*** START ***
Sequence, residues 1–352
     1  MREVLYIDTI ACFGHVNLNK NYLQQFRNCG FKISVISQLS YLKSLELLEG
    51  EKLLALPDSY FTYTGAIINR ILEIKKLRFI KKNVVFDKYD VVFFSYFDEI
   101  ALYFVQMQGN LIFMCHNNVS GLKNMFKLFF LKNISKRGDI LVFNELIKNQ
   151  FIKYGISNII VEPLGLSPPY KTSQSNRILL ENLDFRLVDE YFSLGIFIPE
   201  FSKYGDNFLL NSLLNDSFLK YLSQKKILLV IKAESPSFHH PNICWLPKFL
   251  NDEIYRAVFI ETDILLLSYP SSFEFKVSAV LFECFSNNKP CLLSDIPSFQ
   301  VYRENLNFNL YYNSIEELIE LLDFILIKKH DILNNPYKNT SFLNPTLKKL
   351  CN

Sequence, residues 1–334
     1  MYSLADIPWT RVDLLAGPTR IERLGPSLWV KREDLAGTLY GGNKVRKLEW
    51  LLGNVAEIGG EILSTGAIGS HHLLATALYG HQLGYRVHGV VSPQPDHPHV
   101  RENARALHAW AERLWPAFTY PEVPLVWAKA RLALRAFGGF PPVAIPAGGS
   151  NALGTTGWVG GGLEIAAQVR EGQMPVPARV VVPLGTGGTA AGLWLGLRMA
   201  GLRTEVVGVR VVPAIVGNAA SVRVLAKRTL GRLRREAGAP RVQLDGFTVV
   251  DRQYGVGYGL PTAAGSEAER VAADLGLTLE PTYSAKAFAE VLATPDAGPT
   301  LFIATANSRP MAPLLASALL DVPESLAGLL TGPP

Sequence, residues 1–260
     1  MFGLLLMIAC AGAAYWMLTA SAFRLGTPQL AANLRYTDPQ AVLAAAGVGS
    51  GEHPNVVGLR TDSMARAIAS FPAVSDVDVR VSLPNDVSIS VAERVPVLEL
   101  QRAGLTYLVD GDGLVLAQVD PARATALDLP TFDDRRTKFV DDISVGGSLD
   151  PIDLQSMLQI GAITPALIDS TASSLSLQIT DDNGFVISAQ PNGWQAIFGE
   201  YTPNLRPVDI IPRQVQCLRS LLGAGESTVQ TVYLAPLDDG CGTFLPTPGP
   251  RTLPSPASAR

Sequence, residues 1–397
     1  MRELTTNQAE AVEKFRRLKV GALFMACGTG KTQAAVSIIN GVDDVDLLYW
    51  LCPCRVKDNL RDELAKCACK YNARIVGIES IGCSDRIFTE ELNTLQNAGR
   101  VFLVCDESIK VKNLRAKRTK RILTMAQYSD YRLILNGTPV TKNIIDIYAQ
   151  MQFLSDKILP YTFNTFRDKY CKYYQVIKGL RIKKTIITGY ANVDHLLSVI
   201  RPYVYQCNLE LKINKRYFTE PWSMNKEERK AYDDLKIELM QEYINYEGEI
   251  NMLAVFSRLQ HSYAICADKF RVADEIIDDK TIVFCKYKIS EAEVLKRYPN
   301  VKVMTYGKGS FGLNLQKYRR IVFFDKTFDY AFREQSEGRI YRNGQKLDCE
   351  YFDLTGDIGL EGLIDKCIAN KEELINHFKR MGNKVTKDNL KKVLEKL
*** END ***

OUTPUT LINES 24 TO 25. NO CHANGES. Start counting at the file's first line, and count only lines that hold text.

   251  RTLPSPASAR

Sequence, residues 1–397